From Modern Mythcraft to Magical Surrealism

The Boy Who Made Stars

Motoki was fifteen when he accidentally created stars. Before this time, the night’s sky had always been ebony black, and the white glow of the moon had looked like a cheap spotlight left there by a film studio in liquidation. People rarely looked up because it reminded them of that void under the bed when you tuck your feet under you as a child for fear of the faceless blue monster. Everyone carried lanterns because shining a powerful torch every day was both a waste of electricity and like dropping a feather in a hedgehog farm. Lanterns at least were warm in a glow that mirrored babies’ cheeks and hot tea by the fireplace on snowy days.

Motoki was good at school but in a happy-go-lucky way that meant people neither thought he was a geek nor were begrudging of his grades. He liked table tennis and was above average at basketball although by no means the best. He was the big brother you always wanted, consistently shared his lunch, stood up to bullies and played with the awkward kids that were otherwise on the verge of being socially ostracised. With his help they learned to make friends and later in life maintained good-to-mediocre jobs, semi-detached houses and occasional holidays following tour groups around famous sites.

It was on a day in March that he created stars. Not a normal day in March, perhaps, because it was the last month of junior high school. Motoki went to a small school that was more like a family than an educational institution. Now he was progressing to the best high school in the area, with five classes in every year group and over five hundred students in all. With reason, he was nervous about this change, although it rarely showed on his sunshine face.

He was walking home late after school. His classmates had already left because they had exams to study for, but Motoki had taken (and passed) his in the earlier sitting. So, he had been playing table tennis with the boys in the year below, winning one game and deliberately losing the next. Motoki had offered to put the equipment away as he only lived a five minute walk from the school, whereas the other boys were getting picked up by their mothers.

He had turned off all the lights and slung his backpack over his right shoulder. At the door he changed his shoes and checked the oil in his lamp. It was that time of night and year in which the sky turned straight from dusky to dark without any discernible sunset. It used to creep up on him until he learned to light his lamp earlier than he needed it.

Motoki walked quietly without the usual headphones. He liked the sound of his feet on the road, an almost tap, almost pat, almost clop, but none of the above. He liked the echo they made against the tall cliff wall, making it seem like there was an army of him around this one bend, but only one again, once he came through it.

As he was walking by the dam, a hand touched his. He flinched but didn’t immediately pull away. Motoki couldn’t have said why, had you been there to ask him; something about the hand didn’t scare him. Possibly because it was small, warm and so childlike in its complete trust of him that his natural friendliness subdued any worries he might have had. But there was no one there.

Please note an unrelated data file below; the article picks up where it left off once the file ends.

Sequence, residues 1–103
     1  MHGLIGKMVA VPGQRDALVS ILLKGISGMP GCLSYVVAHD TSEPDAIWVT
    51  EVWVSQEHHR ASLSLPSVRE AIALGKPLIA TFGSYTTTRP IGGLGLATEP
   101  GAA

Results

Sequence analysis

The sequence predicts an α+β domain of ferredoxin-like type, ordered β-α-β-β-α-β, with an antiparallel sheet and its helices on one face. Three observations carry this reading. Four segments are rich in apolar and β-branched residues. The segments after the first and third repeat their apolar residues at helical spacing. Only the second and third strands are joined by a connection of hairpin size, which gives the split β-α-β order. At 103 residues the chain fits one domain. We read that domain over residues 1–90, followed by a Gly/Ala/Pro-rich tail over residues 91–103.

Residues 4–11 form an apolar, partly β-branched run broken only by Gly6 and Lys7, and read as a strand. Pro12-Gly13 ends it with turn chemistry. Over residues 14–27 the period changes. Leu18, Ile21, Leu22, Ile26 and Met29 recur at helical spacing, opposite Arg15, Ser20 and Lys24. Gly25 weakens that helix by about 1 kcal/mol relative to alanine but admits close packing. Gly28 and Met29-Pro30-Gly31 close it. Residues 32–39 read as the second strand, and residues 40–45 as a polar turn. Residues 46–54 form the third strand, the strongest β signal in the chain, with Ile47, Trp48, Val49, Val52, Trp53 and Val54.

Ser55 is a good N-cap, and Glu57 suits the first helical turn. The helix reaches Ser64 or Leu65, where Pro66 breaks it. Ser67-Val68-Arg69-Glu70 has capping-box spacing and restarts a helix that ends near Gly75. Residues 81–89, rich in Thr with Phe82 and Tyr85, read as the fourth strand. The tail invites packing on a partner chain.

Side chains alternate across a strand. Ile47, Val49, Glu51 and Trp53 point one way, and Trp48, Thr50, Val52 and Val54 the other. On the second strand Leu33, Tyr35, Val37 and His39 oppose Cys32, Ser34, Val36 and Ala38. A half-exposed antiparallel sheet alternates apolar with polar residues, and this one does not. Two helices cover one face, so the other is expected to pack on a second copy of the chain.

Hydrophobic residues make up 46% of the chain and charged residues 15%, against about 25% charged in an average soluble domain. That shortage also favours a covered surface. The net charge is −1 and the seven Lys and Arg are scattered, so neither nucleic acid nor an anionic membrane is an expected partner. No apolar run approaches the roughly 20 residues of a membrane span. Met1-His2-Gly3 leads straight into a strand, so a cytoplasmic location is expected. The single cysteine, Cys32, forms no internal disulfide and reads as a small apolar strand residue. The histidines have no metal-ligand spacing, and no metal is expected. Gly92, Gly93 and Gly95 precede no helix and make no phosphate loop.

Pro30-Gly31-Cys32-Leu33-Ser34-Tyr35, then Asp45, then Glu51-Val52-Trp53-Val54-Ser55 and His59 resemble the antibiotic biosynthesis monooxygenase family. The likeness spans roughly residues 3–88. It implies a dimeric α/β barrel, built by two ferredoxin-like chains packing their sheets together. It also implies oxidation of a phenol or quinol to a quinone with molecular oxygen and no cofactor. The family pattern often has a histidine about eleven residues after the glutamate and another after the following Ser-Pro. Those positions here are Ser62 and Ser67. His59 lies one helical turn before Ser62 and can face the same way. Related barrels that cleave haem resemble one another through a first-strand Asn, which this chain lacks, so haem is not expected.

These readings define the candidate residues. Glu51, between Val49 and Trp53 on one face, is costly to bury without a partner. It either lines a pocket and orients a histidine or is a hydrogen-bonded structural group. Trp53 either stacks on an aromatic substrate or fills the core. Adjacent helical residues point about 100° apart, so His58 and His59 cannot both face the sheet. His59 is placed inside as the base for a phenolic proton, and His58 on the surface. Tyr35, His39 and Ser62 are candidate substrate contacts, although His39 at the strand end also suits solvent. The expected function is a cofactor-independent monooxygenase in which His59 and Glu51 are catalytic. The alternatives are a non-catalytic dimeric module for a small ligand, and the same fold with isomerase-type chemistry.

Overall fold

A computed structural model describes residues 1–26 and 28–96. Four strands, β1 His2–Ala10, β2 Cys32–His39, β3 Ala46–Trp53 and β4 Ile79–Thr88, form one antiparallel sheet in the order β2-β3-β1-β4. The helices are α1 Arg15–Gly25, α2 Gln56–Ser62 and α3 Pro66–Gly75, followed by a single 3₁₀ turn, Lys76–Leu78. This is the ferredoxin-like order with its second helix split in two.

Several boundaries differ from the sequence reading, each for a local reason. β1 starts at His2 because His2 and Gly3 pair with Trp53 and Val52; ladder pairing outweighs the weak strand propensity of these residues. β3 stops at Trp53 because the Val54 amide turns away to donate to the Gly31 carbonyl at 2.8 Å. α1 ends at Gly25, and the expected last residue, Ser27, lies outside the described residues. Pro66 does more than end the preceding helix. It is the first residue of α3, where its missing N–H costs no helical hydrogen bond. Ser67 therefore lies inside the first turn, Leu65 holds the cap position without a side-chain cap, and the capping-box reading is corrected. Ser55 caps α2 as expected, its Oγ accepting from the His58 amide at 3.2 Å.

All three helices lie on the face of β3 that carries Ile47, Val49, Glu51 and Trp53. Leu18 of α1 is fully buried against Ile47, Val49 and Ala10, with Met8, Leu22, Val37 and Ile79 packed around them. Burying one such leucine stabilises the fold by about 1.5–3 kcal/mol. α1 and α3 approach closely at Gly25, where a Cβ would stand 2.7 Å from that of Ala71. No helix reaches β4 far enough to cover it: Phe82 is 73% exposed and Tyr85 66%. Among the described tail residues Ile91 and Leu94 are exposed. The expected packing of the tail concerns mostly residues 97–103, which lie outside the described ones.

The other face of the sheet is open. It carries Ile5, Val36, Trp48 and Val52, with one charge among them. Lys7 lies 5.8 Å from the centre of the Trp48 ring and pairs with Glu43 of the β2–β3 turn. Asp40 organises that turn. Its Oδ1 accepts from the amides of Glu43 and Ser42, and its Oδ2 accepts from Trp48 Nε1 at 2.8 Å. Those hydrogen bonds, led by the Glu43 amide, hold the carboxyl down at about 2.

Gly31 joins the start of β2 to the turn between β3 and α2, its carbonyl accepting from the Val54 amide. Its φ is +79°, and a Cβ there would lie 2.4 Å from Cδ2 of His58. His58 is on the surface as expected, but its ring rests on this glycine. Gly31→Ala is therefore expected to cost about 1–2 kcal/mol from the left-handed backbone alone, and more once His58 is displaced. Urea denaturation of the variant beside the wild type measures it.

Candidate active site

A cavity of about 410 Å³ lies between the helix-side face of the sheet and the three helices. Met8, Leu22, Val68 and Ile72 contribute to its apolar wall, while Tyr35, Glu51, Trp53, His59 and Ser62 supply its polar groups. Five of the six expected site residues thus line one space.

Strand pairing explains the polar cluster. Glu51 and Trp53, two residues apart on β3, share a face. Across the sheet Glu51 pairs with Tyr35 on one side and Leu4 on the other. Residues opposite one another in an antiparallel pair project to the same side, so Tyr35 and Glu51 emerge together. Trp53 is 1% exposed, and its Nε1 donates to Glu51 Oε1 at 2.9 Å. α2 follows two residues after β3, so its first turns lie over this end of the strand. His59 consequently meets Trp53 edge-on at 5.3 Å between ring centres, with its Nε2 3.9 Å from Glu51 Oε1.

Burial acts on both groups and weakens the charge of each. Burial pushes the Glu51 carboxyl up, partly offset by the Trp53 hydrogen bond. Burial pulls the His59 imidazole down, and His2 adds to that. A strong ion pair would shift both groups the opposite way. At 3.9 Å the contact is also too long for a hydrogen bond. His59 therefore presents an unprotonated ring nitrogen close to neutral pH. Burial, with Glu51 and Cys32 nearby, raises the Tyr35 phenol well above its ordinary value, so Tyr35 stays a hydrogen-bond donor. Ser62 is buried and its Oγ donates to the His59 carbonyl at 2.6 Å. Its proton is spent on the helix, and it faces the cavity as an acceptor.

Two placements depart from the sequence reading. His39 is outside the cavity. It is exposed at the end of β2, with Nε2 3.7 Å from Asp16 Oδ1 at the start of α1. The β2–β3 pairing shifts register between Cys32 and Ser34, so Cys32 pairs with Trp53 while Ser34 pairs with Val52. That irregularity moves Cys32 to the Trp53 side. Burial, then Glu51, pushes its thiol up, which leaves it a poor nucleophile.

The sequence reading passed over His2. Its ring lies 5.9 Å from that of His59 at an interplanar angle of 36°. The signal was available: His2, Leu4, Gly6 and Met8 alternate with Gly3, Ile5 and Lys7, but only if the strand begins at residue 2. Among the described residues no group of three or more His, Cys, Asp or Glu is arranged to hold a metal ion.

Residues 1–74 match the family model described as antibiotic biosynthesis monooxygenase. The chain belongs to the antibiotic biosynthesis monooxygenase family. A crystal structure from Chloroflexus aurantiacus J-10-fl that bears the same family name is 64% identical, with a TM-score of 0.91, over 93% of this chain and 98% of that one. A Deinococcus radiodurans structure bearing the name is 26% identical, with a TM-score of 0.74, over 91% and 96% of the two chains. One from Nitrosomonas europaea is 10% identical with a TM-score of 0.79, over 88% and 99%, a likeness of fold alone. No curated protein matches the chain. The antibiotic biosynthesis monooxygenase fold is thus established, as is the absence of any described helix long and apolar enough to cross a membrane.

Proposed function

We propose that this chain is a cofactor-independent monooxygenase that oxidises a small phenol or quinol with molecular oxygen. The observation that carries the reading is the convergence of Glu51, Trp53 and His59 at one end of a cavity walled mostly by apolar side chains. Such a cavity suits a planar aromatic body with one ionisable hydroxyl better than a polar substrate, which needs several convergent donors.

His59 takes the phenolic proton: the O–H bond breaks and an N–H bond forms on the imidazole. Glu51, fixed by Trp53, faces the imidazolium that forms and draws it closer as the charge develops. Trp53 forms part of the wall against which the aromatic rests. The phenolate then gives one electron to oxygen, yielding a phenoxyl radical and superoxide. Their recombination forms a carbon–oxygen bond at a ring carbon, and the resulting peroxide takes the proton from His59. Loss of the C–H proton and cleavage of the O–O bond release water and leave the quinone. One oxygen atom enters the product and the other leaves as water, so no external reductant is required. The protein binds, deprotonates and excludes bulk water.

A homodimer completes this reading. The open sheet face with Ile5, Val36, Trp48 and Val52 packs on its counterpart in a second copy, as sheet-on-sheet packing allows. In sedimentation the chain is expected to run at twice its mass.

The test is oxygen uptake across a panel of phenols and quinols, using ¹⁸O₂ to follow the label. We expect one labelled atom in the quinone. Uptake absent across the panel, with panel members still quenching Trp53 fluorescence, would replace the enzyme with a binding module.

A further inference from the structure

“Is there someone there?” he asked. “Is someone out there?”

“No one,” a voice replied. “No one at all.”

“Well that’s wrong. Because no one makes no noise at all. No one doesn’t reply in kind.”

“No one,” the voice chimed. “What about two or more?”

“What about it?”

“That’s not one then. So I would be right to say no one.”

“That’s just word play. ‘No one’ means less than one, not more than one. If it was more than one you would say it all the time.”

“Only if you have lots of friends to talk about and to talk to.”

“You don’t have any friends?” Motoki immediately felt terrible for jesting, albeit light-heartedly, with the faceless voice.

“Oh, I have plenty of friends, only. . .”


“Truth be told, I’m a nocturnal type, and everyone else just wants to sleep. I’ve tried waking them up, and I’ve tried sleeping at night, but it just doesn’t work.”

“You could always compromise. What about early evenings?”

“Like now?”

“Yes,” Motoki said, pleased with his own clever idea.

“I knew you’d say that Motoki-kun! Let’s play.”

If he had been thinking about it, Motoki could’ve masked the reactionary back step as stumbling on some loose stones, but the shock registered on his face too quickly. “How do you know my name?”

“Oh, I’ve. . . seen you around.”

The second step was, with or without hindsight, not so easy to hide. Nor were the sweat beads that started to form about his forehead and the base of his neck.


Let’s take a small but entirely relevant sidetrack. The moon in mythology is often a beautiful and wise goddess. Or it’s a cutesy hunk of Wensleydale cheese. Perhaps the world is not ready for the grotesque reality of the moon. The moon is, at a miniscule fraction of the sun’s size, a pimple in comparison to that heavenly body around which our world revolves. No, it’s the size of a pimple, but in reality it’s a spot. You see, the sun is, after all, still young, and what is youth’s biggest threat? Not teenage pregnancy, drugs or even alcohol, but acne. The oozing craters of the face: the face unrecognizable beneath the endless grease and miniature volcanoes exploding in yellow pus and leaving scars across the already pitted landscape. The long hair that clings in one greased strand, like a child’s experiment with PVA glue, no matter how many hours and expensive products have been used. The voice that sounds like a poorly tuned accordion being played by an old man with arthritis of the fingers.

The moon was a squat, yellowish white thing, not quite liquid or solid. It smelt like sweaty socks at a distance, and up close, cheese so off that you could squeeze green juice from it. It had no eyes or nose, but it did possess an odd sort of mouth that opened and closed like a sock puppet. It slid across the ground in an unequal shuffle, a nursery kid with his shoelaces tied together.